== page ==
By allowing ads to appear on this site, you support the local businesses who, in turn, support great journalism.
Bulloch wildfire still burning; citizens warned against outdoor burning
A haze hangs over the center of Nevils Tuesday as smoke from the massive wildfire near Waycross and a small one burning off Seed Tick Road in the southeast corner of Bulloch County covered most of the area. Wind conditions are expected to make Wednesday another smoky day in Bulloch and surrounding counties. - photo by PAT HOMER/staff
A wildfire burning in the Pembroke area isn't nearly as large as the one still raging in the Okeefenokee Swamp, but the Seed Tick Road fire has burned for a week and is an example of how easily dry conditions could result in a volatile situation.
    The blaze, located about a half mile from Ash Branch Church Road in the extreme southeast corner of Bulloch County, is still contained by fire breaks, but continues to burn, said Georgia Forestry Chief Ranger Linwood McNure.
    The fire is suspicious and may be the result of arson, he said.
    "It is located off a dirt road ... not near any houses," he said. "I'm not sure how it got started – it was hard to find any evidence" after firefighters began trying to extinguish the flames.    
    The fire "spotted" – spread by ash or cinders in the air – and started a blaze in a second location nearby, he said.
    "Georgia Forestry has been aggressive in assisting us" with the fire, said Bulloch County Public Safety Director Ted Wynn. The fire "is not in any way the size of the one in Ware County, but it keeps flaring up."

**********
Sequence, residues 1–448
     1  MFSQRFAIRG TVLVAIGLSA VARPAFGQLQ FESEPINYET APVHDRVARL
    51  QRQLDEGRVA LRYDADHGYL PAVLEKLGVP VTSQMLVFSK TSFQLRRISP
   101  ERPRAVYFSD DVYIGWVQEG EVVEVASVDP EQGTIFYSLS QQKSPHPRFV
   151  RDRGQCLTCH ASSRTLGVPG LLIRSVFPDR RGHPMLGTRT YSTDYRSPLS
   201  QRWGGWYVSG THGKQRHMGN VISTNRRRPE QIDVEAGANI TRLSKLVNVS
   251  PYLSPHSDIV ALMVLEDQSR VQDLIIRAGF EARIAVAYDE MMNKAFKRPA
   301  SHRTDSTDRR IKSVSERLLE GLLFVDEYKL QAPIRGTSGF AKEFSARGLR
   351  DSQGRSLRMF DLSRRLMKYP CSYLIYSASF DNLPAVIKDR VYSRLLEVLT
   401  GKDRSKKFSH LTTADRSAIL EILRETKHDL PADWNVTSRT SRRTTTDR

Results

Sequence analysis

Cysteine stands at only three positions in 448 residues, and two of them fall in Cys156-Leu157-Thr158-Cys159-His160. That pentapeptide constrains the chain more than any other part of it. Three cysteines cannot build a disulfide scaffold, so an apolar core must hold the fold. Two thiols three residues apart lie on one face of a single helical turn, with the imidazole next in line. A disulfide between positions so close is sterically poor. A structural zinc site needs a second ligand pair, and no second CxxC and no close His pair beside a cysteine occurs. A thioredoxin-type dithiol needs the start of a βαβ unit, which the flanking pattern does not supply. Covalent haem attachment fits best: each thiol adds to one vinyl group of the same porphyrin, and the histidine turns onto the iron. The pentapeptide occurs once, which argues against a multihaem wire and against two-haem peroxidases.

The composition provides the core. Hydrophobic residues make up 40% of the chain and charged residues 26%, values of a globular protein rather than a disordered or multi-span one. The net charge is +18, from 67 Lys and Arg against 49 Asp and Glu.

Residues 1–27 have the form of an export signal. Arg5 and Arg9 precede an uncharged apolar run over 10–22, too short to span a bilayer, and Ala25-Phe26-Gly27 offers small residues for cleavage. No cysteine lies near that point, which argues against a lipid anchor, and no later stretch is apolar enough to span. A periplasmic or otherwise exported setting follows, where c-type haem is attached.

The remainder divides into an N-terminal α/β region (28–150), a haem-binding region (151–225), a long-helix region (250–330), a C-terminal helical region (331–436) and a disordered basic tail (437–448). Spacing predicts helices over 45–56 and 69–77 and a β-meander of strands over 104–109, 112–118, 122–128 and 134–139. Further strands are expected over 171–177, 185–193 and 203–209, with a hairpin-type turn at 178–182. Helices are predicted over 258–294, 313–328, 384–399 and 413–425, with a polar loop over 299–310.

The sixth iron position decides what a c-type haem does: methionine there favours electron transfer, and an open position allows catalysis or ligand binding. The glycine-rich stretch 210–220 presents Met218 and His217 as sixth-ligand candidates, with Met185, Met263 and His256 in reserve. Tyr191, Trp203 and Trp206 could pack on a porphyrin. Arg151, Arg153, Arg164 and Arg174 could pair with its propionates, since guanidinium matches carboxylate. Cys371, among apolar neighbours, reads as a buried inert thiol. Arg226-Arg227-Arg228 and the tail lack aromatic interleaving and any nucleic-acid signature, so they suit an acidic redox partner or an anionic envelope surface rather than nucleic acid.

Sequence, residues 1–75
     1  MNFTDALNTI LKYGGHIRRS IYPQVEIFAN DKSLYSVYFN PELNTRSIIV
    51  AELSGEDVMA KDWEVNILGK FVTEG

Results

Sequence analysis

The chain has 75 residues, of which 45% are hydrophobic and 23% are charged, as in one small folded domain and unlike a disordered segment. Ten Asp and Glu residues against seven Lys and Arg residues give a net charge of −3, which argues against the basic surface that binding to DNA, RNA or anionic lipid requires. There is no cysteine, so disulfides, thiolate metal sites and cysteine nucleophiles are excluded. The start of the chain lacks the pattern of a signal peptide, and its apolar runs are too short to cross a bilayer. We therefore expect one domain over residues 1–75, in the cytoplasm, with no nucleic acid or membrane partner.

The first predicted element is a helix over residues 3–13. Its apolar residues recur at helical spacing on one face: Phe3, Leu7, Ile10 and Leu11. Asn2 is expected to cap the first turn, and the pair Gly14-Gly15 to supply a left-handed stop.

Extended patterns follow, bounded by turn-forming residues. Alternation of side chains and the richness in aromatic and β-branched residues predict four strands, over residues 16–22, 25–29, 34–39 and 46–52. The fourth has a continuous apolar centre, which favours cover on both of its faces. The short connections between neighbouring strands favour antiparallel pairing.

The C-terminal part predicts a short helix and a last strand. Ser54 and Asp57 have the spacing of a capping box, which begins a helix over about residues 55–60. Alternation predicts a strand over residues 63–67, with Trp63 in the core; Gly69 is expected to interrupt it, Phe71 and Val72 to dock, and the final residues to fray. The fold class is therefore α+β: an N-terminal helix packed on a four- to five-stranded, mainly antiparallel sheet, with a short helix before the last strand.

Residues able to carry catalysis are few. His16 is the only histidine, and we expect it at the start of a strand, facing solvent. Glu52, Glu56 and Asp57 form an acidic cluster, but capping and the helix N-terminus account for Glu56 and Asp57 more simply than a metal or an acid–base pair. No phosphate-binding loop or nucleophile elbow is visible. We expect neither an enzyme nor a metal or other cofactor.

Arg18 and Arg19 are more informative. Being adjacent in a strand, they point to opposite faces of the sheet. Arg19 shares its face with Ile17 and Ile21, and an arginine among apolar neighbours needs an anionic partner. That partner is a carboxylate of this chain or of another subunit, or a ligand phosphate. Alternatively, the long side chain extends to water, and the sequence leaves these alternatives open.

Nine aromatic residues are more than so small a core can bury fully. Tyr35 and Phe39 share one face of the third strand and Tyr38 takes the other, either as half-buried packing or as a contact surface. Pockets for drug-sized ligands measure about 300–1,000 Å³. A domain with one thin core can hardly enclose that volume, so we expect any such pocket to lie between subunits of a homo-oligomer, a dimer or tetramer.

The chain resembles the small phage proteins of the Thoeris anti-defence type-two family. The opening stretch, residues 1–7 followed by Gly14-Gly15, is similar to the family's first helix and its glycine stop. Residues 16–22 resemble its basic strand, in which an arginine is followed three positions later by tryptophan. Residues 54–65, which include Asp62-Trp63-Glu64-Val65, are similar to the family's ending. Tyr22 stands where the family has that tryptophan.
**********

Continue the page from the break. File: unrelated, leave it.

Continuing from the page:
Firefighters have returned several times to the location after the initial battle last week to contain it. Winds and arid conditions are exacerbating the situation, but "We've got people who are staying on top of it," he said.
    The initial call came in to Bulloch Central 911 last Wednesday and firefighters from the Bay, Nevils and Stilson districts responded, as well as forestry officials, Wynn said.
    They called a Bulloch County Sheriff's deputy to file a report because the blaze was "suspicious in nature," he said.
    Currently, extremely dry conditions make burning anything outside dangerous, McNure said. The Georgia Forestry Commission is not issuing any burn permits at all, not even special condition permits, he said.
    "Don't burn anything," Wynn said. "Don't throw lit cigarettes out the car windows. Be very conscientious. With the dry conditions, it doesn't take much to get (fires) going."
    Statesboro Fire Chief Dennis Merrifield reiterated Wynn's  and McNure's  advice.
    "Avoid any kind of outdoor burning," he said. "Southeast Georgia is an extremely dry area right now. As a result, the vegetation is highly flammable right now."
Sign up for the Herald's free e-newsletter